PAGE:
Budweiser Superfest with Anthony Hamilton, Kem, Jaheim and Raheem Devaughn
North Carolinian Hamilton does vintage Southern soul better than just about any other contemporary vocalist. Play the man’s music in the depths of the Arctic, and you’ll be transported right back to the South. You’ll soon feel the need to whip up a mess of greens, get out a fan to banish the sultry air and sip a glass of sweet tea. After more than five years, there’s finally more of the jazz-inflected soul of Kem. “Intimacy: Album III,” the follow-up to 2005’s “Album II,” hit stores and online outlets earlier this week. Jaheim and DeVaughn, both talented singers crafting soulful and sensual R&B for adults, round out the bill. Another show has been added on Sept. 2.
7 p.m. Aug. 20. $38-$68. Chastain Park Amphitheatre, 4469 Stella Drive N.W., Atlanta. 404-233-2227.
A regional favorite, this belter from Lubbock, Texas, has cultivated his own distinctive blend of blues, rock and country over nearly five decades. His first national attention came playing the familiar harmonica riff on Bruce Channel’s 1962 No. 1 hit “Hey Baby.” McClinton cracked the Top 40 under his own name in 1980 with “Giving It Up for Your Love.” The Grammy winner’s tunes have been covered by Emmylou Harris and Waylon Jennings, among others, and he’s recorded duets with Bonnie Raitt and Tanya Tucker.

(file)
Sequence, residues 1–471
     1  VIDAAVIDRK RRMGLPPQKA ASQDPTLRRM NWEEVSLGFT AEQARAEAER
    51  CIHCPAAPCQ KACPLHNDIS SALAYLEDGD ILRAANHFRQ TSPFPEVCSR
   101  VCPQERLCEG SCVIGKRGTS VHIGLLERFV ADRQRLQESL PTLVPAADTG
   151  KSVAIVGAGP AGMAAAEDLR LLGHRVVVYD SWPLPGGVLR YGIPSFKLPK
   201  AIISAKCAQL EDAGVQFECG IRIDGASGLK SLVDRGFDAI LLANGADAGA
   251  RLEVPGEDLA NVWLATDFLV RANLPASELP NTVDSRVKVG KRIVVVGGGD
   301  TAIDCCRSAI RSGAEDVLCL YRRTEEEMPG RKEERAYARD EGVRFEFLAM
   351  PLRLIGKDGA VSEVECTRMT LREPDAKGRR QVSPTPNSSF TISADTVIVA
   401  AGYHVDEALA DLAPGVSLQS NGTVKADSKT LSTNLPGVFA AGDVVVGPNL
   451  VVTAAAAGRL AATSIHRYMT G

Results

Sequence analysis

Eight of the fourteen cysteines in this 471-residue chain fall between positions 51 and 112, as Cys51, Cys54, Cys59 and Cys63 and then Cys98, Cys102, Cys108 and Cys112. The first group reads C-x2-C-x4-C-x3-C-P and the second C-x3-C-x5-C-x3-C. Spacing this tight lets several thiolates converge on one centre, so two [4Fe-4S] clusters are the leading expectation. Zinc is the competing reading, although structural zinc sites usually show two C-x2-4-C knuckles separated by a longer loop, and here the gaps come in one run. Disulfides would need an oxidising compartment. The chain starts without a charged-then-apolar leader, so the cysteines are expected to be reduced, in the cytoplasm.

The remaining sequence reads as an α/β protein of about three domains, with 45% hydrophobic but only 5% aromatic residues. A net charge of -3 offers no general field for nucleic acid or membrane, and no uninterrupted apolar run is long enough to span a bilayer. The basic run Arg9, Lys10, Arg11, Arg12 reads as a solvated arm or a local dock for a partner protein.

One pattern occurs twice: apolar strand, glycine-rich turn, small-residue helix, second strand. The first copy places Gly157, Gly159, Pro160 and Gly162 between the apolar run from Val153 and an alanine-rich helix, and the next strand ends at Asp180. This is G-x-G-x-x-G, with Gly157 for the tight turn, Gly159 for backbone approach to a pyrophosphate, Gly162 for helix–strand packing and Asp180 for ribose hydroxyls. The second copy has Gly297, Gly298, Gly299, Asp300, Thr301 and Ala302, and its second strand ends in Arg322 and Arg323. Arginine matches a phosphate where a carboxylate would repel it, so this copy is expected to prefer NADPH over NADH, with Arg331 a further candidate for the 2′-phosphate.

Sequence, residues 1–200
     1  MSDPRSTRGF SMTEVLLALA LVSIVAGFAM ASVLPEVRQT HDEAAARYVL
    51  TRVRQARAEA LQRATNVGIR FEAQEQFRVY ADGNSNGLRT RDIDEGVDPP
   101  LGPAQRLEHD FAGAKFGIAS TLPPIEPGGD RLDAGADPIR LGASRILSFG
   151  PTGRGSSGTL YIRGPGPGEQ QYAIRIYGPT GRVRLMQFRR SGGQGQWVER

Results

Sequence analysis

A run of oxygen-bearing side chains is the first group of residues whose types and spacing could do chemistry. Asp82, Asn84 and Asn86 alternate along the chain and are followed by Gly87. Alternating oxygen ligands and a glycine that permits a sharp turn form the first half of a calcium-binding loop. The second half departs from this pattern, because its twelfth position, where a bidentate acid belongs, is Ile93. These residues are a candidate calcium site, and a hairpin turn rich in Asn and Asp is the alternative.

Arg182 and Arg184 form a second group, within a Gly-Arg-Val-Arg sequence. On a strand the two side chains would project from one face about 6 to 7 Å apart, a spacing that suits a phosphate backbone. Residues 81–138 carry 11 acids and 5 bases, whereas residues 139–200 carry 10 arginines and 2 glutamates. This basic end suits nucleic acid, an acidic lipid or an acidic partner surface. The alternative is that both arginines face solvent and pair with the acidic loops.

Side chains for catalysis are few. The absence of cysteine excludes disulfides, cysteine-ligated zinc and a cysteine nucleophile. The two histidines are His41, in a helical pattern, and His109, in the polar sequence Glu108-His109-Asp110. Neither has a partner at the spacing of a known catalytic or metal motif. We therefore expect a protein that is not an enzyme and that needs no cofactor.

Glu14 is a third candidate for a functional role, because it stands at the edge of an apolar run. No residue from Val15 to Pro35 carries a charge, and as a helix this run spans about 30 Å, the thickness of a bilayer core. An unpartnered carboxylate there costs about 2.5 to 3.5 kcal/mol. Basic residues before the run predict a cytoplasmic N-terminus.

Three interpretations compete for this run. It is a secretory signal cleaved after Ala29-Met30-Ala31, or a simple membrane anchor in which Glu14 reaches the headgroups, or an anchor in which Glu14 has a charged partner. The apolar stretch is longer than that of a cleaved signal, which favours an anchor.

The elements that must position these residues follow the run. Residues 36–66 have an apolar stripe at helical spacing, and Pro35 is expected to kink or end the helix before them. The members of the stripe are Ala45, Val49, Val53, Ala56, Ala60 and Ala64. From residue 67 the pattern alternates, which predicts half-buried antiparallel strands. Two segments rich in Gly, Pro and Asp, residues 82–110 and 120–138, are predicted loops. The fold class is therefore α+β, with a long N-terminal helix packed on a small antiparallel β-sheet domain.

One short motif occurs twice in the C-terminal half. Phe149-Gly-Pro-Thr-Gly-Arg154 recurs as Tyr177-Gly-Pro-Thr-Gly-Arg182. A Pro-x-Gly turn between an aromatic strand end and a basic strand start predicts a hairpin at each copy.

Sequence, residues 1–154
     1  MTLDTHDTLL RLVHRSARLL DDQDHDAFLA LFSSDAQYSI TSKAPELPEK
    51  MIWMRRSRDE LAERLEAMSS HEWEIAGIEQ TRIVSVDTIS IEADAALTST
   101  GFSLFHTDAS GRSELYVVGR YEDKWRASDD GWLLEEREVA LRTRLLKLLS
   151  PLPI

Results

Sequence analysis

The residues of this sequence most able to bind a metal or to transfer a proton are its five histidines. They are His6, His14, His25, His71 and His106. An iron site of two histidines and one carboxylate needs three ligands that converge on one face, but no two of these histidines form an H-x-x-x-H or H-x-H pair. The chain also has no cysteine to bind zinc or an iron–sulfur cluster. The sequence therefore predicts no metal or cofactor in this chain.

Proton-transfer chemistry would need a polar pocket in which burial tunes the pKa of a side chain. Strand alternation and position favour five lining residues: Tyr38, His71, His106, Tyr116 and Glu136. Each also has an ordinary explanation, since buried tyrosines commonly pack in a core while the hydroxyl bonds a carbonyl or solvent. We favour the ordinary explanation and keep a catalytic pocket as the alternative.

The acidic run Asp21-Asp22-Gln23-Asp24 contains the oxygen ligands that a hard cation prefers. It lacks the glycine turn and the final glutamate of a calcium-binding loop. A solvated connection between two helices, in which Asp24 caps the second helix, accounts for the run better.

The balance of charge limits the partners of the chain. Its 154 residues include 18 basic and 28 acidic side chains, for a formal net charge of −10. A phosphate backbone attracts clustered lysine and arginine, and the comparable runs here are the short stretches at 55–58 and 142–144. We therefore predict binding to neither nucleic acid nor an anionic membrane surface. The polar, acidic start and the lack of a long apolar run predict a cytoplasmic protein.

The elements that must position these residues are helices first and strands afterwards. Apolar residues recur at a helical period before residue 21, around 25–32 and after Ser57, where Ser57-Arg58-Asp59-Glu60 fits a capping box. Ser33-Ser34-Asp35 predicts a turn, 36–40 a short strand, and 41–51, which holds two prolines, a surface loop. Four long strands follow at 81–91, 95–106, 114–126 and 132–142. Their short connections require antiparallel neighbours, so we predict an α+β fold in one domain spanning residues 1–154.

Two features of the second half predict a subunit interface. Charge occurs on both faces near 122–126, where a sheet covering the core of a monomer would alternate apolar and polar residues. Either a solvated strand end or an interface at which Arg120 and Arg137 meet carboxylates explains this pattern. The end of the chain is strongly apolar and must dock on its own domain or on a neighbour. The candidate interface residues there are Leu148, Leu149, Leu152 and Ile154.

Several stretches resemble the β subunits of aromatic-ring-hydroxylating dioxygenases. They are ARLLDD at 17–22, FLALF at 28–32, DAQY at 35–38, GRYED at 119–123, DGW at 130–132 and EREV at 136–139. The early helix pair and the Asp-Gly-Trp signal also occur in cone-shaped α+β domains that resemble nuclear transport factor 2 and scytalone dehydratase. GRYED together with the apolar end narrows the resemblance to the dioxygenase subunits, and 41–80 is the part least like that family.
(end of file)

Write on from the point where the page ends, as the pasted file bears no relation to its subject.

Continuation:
8 p.m. Aug. 20. $36.50. Atlanta Botanical Garden, 1345 Piedmont Ave. N.E., Atlanta. 404-876-5859.
Scissor Sisters have been putting a little fabulousness back into pop music since making a splash with the Elton-isms of “Take Your Mama” in 2004. The glammed-up and groovilicious quintet digs through the musical closet of the ’70s, reveling in stylistic snippets of the Bee Gees, Abba and David Bowie.
8 p.m. Aug. 21. $31. The Buckhead Theatre, 3110 Roswell Road, Atlanta. 404-843-2825.
The sweet pop-meets-R&B stylings of Maroon 5 brought the quintet a best new artist Grammy in 2005 and six Top 40 hits. The band’s second album, 2007’s “It Won’t Be Soon Before Long,” wasn’t a hit factory like the band’s debut, “Songs About Jane,” but it still debuted atop the Billboard album chart. The third Maroon 5 album, “Hands All Over,” is coming in mid-September. With “American Idol” winner Kris Allen and British singer-songwriter VV Brown.
7:30 p.m. Aug. 21. $29-$54. $36-$46. Verizon Wireless Amphitheatre, 2200 Encore Parkway, Alpharetta. 404-733-5010.
The atmospheric beauty of this Brit singer-songwriter’s marriage of folk and electronica has made her a favorite of the adult alternative set. The 2006 release “Comfort of Strangers” (still her latest), scaled back on the electronics. The music was more organic, matching the plaintive warmth of her voice, but her songs are as beautiful and intelligent as ever. She recently signed a worldwide deal with Anti- Records (home of Neko Case, Tom Waits and Nick Cave) and is working on a new album.
8:30 p.m. Aug. 21. $25; $22.50 advance. Variety Playhouse, 1099 Euclid Ave. N.E., Atlanta. 404-524-7354.
All Night Drug Prowling Wolves